All government funded services for people with a disability used to be, through ‘bulk funding’ – government general revenue paid directly to the service provider – money directly in the service provider’s pocket. This method equals little or no consumer choice of service provider compounding the natural captive market service provision.
With many families having major concerns over the quality of day service programs, they sought to have access to the funding, to access more diverse services – ISP funding to be, in principle, paid into the pocket of the consumer.
With the main intentions of the NDIS being to, (a) reduce the waiting list for services and, (b) get consumers out of the ‘take it, or leave it’ captive market, the Productivity Commission saw the ISP as having the potential to achieve market place driven service level and quality.
The Productivity Commission also recommended against State involvement in the NDIS. Yet we are moving towards this, and where Victoria, at least, is attempting to negate the basic principle of the ISP – that of the consumer having primary control of their support service funding.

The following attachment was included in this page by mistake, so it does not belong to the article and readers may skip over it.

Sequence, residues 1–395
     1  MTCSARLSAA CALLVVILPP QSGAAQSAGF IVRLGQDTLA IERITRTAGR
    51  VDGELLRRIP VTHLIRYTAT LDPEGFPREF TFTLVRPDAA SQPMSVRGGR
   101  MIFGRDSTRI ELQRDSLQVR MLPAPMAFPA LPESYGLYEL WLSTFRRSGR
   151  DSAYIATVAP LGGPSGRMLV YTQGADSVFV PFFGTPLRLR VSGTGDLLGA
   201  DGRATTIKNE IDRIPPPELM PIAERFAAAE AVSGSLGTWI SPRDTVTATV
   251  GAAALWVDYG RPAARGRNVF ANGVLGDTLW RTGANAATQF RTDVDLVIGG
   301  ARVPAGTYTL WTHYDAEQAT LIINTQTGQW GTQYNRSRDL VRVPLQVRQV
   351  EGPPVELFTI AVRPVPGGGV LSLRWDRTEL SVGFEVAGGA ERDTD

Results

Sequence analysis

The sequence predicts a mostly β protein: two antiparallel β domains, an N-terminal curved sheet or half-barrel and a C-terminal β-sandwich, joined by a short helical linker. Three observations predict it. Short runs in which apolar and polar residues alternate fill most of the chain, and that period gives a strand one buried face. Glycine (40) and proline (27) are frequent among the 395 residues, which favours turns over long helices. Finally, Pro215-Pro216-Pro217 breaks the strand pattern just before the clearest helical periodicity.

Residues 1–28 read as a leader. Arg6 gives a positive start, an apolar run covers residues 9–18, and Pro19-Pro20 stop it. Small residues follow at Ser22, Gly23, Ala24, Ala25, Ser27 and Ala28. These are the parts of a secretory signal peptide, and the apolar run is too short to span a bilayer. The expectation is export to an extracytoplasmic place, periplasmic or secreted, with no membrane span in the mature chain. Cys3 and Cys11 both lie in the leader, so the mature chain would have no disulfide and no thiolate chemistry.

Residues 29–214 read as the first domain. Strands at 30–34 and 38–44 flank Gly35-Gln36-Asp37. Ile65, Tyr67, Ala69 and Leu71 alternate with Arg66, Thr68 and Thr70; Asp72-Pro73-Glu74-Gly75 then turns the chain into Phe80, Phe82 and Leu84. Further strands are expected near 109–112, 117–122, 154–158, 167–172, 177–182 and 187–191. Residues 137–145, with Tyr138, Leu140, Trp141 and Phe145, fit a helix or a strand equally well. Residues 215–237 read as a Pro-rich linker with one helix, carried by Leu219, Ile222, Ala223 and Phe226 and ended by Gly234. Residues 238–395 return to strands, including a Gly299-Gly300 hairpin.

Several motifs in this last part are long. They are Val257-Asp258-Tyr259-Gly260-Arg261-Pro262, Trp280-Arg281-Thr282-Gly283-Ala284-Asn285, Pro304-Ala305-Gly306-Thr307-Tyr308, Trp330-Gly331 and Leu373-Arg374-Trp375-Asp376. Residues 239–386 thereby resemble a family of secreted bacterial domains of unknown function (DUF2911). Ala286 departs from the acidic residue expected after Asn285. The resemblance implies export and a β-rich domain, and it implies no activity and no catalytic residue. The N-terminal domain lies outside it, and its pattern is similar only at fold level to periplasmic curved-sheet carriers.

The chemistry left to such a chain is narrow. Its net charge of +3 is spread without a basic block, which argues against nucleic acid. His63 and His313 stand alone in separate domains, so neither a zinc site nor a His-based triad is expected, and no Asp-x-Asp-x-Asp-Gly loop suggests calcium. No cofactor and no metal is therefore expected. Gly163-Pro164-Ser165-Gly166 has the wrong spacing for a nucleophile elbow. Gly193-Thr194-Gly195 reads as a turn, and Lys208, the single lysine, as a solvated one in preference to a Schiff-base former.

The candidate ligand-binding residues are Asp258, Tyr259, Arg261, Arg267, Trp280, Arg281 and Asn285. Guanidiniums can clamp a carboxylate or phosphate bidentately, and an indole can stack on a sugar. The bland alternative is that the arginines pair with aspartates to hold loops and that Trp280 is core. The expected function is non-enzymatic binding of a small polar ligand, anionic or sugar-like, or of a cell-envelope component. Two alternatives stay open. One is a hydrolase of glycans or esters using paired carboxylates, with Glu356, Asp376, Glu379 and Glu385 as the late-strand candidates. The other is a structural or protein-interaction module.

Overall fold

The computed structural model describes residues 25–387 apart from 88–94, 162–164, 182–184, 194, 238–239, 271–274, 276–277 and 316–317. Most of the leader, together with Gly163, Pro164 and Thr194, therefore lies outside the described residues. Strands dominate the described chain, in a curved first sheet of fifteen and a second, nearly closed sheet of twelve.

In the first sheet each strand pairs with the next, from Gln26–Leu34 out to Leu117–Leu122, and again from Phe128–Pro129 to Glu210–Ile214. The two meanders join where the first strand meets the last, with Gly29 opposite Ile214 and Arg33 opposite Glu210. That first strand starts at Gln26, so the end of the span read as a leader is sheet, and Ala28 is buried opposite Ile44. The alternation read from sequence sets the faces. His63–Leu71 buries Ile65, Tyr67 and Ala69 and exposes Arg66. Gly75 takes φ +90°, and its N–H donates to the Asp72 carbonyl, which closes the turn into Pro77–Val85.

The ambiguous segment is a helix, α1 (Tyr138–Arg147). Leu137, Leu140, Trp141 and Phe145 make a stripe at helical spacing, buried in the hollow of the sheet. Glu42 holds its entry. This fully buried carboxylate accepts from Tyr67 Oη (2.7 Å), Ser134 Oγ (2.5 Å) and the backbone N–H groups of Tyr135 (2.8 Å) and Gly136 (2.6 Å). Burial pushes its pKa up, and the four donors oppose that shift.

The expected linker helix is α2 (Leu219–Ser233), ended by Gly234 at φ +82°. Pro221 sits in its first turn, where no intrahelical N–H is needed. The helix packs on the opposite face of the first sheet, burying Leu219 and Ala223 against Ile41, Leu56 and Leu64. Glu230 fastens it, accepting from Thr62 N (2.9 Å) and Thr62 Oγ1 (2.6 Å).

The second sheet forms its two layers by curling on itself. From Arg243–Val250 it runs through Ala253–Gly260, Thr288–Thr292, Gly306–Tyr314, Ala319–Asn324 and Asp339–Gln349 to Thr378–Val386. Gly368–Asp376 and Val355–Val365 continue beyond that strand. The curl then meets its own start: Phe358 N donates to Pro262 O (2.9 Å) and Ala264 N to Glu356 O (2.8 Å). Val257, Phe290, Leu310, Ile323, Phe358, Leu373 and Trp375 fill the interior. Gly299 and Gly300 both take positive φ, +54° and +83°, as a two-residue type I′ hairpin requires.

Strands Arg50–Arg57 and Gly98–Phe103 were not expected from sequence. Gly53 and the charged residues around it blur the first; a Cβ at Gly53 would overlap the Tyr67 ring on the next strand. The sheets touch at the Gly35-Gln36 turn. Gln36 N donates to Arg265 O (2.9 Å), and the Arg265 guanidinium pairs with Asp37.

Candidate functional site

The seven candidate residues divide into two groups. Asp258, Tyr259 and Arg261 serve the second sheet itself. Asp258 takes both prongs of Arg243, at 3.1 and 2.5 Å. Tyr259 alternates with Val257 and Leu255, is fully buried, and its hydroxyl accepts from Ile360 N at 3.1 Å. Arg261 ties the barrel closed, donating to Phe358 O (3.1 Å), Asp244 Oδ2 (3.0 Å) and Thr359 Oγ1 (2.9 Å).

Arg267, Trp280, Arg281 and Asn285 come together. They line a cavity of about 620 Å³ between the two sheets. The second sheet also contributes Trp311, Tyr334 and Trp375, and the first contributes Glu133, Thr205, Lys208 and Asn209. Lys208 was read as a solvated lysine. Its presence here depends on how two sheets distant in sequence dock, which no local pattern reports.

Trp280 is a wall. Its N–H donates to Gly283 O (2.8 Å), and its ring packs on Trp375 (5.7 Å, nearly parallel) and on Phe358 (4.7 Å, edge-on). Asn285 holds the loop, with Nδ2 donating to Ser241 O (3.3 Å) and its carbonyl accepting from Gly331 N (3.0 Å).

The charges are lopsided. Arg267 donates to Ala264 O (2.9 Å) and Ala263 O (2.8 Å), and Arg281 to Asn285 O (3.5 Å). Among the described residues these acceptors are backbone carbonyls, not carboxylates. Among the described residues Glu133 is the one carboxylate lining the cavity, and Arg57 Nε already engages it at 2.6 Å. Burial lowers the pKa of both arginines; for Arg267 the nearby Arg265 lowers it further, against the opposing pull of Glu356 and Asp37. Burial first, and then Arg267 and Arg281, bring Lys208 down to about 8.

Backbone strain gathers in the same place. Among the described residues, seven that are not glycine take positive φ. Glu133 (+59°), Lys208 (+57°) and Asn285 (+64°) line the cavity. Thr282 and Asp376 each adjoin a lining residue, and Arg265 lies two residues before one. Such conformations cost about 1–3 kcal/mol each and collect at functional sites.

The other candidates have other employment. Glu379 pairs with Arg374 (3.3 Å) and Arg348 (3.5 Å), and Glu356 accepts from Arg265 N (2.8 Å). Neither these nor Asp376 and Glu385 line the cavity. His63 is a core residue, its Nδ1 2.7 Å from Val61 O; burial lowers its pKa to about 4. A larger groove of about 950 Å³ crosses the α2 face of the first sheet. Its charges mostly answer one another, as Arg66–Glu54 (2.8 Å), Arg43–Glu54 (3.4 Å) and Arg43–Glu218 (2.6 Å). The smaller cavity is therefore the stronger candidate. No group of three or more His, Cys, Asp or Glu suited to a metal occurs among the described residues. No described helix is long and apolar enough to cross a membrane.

We are advised that many families who have obtained an ISP from DHS Victoria are finding it to be a pseudo ISP, with the DHS insisting, in many cases, that they (DHS) pay the funding directly to the service provider.
In respect to day service client assessment levels (1 to 5.5), and the associated service level and quality, we are advised that most consumers are not provided with a service plan which shows the service, in-detail, that they can expect at their assessment level, and that the service provider’s percentage for overheads is the same at all assessment levels.
A consumer on level 3, at around $18,000pa, with the service provider overheads at 20%,cost would be $3,600. Whereas, a consumer on level 5, at around $31,000pa,with the service provider overheads at 20%, cost would be $6,200.
In summary: We call on DHS Victoria to either show they are consistently, across the state, providing ISPs within the core principle of ISPs – funding in the pocket of the consumer. Or, at least, under their control. Or show where their defined policies allow otherwise. And, we call on service providers to justify their overhead charges.
In conclusion: We are interested to hear from people with a disability and their families in respect to the concerns outlined above. If you wish to provide comment anonymously, please send us a letter.